Easter 5B (Acts 8:26-40)
Our oldest son was baptized when he was six. For two years before that he’d been asking questions about who God was and praying prayers of his own making. So his mother and I set him upon the road of discipleship. He was old enough to remember the immersion into that watery miracle, but young enough to accept our reminders that it was God’s work, not his (or ours—at least this was what I imagined). My vision for his life included long walks with his parents, times when he would ask us questions about who God was and about what his life’s calling might be. I imagined pondering curious questions about scripture together. Eventually, I might offer him an answer, for he was a precocious child with lots of questions, and I loved being someone with answers. I thought this was part of my calling as a father.
My son is 13 now and thankfully he still asks questions. But they are not the questions that I had imagined. “Dad,” he’ll say, “why are people so dumb?” (he uses another word) or, while reading scripture together, “Why does God tell some of the Israelites to stay away from the top of the mountain? Seems kind of petty.” There are so many questions lurking beneath the surface of his words! Yet I can see that many of the questions of his soul remain unuttered, and on many occasions I do not push him further because I know I don’t have the answers.
When I read the story in Acts about the eunuch and Philip, I am reminded of my years as a young father. Ten years ago I would have read this story as a story of Philip’s boldness and willingness to go even to the stranger to declare the truth of God’s presence in the world. But reading it as a parent I understand just how little Philip knows. It is God who tells him to go, sending Philip along on a strange road where he came upon an Ethiopian eunuch reading a book. “Do you understand what you are reading?” Philip asked, and the eunuch replied, “How can I, unless someone guides me?”
When Philip told the eunuch about Jesus, the Lamb that was slaughtered and the one who did not open his mouth, he was giving not an answer but a testimony. His “answer” was not a matter of conveying knowledge; it was a witness to an encounter, which helped the eunuch to make sense of what was already present to him. Philip did not present the eunuch with the promises of Israel; the eunuch was reading these promises. Instead, Philip found himself confronted with a man who had been confronted by God but needed help discerning the One who was calling him. Philip was only this man’s guide. Is it possible that the point of this story is not Philip’s answer but the eunuch’s journey? Not Philip’s faithfulness, but God’s presence?
Having heard the testimony of Philip concerning the promises of the Lamb, the eunuch better understood what is already in his mind and spirit. Seeing a body of water, he said, “What is to prevent me from being baptized?” and the men went down to the water where Philip baptized the eunuch. In Philip’s testimony the eunuch saw the possibility of his life, his circumstances and the material realities of that particular place. No longer was a body of water a simple source of refreshment; it was now a womb, a space of new life.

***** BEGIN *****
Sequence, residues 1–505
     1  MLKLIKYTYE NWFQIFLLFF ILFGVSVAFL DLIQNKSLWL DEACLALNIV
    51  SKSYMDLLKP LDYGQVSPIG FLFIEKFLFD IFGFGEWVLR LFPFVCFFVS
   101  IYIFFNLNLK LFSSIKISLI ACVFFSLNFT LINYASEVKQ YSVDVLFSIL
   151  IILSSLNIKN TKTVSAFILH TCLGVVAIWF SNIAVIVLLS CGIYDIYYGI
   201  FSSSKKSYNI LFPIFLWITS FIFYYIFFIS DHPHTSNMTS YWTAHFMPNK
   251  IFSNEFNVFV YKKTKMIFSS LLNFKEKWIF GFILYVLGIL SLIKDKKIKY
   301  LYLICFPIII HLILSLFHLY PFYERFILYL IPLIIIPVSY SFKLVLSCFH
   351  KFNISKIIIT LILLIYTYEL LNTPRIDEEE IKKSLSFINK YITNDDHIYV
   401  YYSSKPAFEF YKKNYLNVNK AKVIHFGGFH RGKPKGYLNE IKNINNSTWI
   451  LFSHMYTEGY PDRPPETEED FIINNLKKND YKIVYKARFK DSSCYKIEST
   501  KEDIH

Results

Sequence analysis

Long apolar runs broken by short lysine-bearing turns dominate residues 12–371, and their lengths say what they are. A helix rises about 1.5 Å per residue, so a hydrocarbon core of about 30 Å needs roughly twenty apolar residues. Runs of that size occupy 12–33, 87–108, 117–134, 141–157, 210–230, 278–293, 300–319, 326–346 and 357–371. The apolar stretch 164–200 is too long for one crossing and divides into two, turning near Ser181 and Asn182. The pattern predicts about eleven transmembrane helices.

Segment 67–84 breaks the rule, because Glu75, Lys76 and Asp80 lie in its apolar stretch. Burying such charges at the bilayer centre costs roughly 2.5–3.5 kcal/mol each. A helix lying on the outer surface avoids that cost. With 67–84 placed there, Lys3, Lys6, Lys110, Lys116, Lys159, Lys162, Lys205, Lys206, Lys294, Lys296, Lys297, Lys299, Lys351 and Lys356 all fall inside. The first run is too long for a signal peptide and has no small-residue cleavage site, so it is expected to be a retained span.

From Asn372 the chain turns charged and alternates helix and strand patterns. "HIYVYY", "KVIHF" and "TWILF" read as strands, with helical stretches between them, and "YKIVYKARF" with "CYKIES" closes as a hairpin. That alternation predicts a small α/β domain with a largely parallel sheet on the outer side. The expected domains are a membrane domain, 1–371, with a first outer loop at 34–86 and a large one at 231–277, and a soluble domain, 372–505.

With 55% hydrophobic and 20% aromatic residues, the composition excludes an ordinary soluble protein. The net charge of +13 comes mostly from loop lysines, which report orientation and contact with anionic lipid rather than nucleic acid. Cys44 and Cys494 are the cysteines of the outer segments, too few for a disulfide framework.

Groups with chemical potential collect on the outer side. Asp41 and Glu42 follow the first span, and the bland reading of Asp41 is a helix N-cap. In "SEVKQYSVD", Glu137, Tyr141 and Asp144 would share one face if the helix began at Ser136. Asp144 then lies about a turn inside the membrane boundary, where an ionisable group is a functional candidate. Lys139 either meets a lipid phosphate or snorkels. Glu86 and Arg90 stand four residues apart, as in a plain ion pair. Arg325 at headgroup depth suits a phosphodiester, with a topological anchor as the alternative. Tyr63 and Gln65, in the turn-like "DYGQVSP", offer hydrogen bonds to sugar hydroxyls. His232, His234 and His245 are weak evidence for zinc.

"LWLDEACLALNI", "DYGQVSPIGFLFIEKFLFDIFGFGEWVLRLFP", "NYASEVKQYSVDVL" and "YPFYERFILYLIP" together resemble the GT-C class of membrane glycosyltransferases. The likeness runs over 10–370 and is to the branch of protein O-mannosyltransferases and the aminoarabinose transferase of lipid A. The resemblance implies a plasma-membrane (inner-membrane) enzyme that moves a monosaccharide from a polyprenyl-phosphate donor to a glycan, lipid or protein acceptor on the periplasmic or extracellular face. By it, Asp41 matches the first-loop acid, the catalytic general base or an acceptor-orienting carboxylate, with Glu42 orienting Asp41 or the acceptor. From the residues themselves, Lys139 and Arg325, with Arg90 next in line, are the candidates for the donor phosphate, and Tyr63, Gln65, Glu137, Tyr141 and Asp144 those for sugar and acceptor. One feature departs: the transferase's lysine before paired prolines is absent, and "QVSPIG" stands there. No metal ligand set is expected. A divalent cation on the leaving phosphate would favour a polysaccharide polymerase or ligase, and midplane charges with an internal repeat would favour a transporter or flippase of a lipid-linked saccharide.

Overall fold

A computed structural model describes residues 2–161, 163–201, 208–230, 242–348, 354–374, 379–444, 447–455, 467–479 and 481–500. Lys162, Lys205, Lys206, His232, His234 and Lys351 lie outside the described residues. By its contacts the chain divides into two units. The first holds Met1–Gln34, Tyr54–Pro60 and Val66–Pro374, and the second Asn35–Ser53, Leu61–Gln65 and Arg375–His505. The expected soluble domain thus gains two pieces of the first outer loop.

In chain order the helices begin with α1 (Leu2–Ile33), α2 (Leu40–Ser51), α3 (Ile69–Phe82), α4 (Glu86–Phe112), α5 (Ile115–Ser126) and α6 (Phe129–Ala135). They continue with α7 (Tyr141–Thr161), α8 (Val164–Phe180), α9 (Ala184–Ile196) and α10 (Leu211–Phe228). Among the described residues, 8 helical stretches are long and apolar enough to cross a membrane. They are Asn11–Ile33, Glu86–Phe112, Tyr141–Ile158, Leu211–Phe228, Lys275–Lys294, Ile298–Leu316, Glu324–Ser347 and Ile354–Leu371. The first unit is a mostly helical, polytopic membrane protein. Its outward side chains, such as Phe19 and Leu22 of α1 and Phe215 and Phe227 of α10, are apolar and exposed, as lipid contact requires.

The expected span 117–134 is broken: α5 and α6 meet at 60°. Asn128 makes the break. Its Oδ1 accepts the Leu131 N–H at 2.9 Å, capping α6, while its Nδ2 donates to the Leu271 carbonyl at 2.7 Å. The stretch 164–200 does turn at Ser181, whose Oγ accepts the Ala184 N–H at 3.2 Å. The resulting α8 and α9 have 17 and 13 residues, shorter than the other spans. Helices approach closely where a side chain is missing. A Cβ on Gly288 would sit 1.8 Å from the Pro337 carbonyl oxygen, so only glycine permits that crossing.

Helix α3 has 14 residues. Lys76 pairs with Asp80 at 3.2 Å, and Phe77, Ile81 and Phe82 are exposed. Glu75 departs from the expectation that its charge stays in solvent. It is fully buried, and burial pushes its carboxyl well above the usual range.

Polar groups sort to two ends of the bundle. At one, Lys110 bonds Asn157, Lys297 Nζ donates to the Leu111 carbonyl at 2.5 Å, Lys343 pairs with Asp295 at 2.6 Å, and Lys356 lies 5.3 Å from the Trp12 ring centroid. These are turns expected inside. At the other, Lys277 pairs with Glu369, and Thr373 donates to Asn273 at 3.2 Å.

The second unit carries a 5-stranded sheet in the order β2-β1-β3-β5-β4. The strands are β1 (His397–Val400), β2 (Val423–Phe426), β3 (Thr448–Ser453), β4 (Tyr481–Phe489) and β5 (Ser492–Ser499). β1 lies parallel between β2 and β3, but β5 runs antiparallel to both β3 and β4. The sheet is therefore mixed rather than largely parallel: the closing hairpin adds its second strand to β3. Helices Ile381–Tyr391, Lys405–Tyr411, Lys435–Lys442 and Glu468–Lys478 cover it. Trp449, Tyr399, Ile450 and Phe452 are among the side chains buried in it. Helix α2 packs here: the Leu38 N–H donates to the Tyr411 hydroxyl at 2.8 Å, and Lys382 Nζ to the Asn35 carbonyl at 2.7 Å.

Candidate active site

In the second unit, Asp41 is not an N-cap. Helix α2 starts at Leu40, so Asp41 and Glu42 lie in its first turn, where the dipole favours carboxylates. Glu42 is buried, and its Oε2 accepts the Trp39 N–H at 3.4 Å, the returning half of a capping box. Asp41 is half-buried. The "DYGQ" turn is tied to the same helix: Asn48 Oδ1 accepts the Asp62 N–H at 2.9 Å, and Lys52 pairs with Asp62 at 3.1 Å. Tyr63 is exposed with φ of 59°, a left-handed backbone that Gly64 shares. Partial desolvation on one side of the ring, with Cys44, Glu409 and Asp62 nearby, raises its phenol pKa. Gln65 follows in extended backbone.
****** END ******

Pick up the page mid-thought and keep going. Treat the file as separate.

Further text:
The eunuch, a traveler used to knowing the terrain around him and moving assuredly from one place to the next, met Philip and suddenly found himself called into a wilderness and traveling an unfamiliar road. And yet the eunuch’s response was simple. “What is to prevent me?”
Between Philip’s being sent and the eunuch’s earnest confession we find ourselves caught with a discomfiting possibility: the truth of God’s presence is not simply a matter of Philip’s testimony nor of the eunuch’s question. It’s the reciprocity of the encounter that bears witness to the in-breaking of God. Just as a vine’s life is measured not in its length but in its fruit, just as a confession’s power lies not in its words but in its having been heard, so too God’s presence in this moment becomes known in the lives of two strangers who ventured into the wilderness of asking a question, planting a seed and discovering that God would surely cause it to grow. “The eunuch,” we read, “went on his way rejoicing,” while Philip “proclaimed the good news to all the towns until he came to Caesarea.”
Philip’s sending was precipitated not by knowing but by a question. He was sent to discover the question to his answer. In the encounter God became known not in knowledge that flowed from one to the other, but in the interrelationship of questions and testimony. The branches of the vine stretched, bearing new fruit. Then, just as suddenly, the fruit was clipped and sent tumbling down the road to a new field, its seeds of life spilling out along the way.
As much as I would love to give my son the answers he so earnestly seeks, the answer is most often not in the beauty of my words or the depth of my knowledge but in the testimony of my presence, the miracle of his life and the wonder that I sometimes find an answer to his questions. By some miracle, my son and I will have the scales fall from our eyes enough to discover the wonderful possibilities in our midst.